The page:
To everyone getting hysterical over this slightly negative thing Johnny said about the Smiths - do yourself a favor and listen to the whole interview. It is lovely and Johnny says a lot of nice things about Morrissey and the Smiths. Don’t let the press who cherry picked this one quote push your buttons - sound familiar? It’s an interesting hour of mostly Smiths talk and some great guitar playing.
But that's what Johnny always does - says lots of nice things, but gets in his little dig. I'm not saying he shouldn't criticise Morrissey - fine, if he wants to. But I get tired of the media swallowing or pandering to Marr's 'Mr. Nice Guy' when in fact he's a pretty ruthless, egotistical guy. And it was his ego, as much as it was Morrissey's, that ended The Smiths.
I was watching footage of their 1986 concerts and Marr is pretty embarrassing. Aside from the flashy suits he was sporting on that tour, it's the attention-seeking way he jerks around - he so obviously resents Morrissey being the focus of attention, and so obviously didn't appreciate what an asset the group had in their lead singer's charisma onstage. And in the studio he just couldn't come to terms with the fact that he was 'just' the guitar player, and in the background. I mean, Christ, he was Johnny Marr! The best pop guitar player/composer in the country, for my money. But you can see from the way his career has panned out that that wasn't enough for him.
If you look at footage of one of the early Smiths gigs (I think maybe the second gig) he's got a microphone and he's doing backing vocals. Then by probably the third gig, that's gone. But Marr, however inappropriately or for whatever reason, wanted to be a singer and a front man. He was frequently dropping little asides in interviews in the late 80s/90s about how he'd done backing vocals on this record and that record. Then he was 'persuaded' by Chrissie Hynde to sing 'Meat is Murder' live. The 'The Healers' then his 'solo' records.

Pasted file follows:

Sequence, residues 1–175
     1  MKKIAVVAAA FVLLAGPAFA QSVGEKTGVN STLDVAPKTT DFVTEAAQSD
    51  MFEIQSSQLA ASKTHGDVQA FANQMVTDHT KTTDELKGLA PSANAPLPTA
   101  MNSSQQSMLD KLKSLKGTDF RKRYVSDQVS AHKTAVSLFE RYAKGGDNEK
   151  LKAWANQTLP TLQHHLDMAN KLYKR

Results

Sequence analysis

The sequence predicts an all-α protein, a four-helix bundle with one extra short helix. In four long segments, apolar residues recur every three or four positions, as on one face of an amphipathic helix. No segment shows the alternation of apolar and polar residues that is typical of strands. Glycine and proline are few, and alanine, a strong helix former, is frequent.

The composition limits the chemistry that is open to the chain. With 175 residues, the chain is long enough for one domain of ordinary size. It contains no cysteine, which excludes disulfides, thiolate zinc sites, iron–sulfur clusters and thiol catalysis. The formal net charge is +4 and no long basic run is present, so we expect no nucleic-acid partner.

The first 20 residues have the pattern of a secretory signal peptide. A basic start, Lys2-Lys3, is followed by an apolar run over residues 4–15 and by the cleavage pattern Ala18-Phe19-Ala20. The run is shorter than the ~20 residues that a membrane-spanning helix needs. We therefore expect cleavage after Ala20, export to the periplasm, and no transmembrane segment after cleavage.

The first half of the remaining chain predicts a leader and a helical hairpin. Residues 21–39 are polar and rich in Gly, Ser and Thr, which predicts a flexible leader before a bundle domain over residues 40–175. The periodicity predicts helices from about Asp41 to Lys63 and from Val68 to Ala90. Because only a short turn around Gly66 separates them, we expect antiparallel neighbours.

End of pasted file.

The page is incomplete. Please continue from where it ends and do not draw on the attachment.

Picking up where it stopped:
My point being that his career as a singer/songwriter has been a non-event, but he has pursued it doggedly because he is surrounded by yes-men telling his he's great, who pander to his ego. And that's what he always wanted. He portrayed himself as a 'journeyman guitarist for hire' in the late 80s/early 90s, and that is what he would have excelled at, but he wanted to be a pop star, and so we got the underwhelming 'Electronic' project and his duff solo records.
I don't think Marr was wrong to quit The Smiths - if that's what he wanted, fine. But I do think he under-appreciated, and perhaps still under-appreciates Morrissey's talent. And I certainly think he underestimated Morrissey's capacity to make it as a solo artist, and probably 'quitting' The Smiths was just a political manoeuvre on his part, figuring that after a couple of years in the pop wilderness, a chastened and humbled Morrissey would be coming to him cap in hand, and Marr would have re-established his primacy in a re-formed Smiths. But he miscalculated big time.
The quote from Marr in this interview about Morrissey being too outspoken, and the way he slips it in amidst all the niceties, just typifies his attitude. He just doesn't get, and will never accept, that as big as his role was in The Smiths, and as big as his contribution was to their success, it was Morrissey who was the front man and the soul of 'The Smiths' - vocal melodies, lyrics, artwork, look, press interviews.... it was Morrissey who made them 'The Smiths'. And I think Marr still doesn't get that, or still resents it. Because if that wasn't the case, he wouldn't be saying daft things like this in interviews - basically expressing the desire that Morrissey (and by implication therefore 'The Smiths') had been a bit less